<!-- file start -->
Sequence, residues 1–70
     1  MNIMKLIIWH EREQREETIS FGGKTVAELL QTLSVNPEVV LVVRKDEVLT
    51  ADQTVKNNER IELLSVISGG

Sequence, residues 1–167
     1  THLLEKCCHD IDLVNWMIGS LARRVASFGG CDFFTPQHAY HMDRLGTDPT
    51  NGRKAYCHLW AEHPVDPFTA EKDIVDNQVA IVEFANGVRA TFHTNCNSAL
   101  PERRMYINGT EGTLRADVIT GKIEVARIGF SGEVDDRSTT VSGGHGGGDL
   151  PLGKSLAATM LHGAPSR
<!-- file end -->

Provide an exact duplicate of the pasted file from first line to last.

Sequence, residues 1–70
     1  MNIMKLIIWH EREQREETIS FGGKTVAELL QTLSVNPEVV LVVRKDEVLT
    51  ADQTVKNNER IELLSVISGG

Sequence, residues 1–167
     1  THLLEKCCHD IDLVNWMIGS LARRVASFGG CDFFTPQHAY HMDRLGTDPT
    51  NGRKAYCHLW AEHPVDPFTA EKDIVDNQVA IVEFANGVRA TFHTNCNSAL
   101  PERRMYINGT EGTLRADVIT GKIEVARIGF SGEVDDRSTT VSGGHGGGDL
   151  PLGKSLAATM LHGAPSR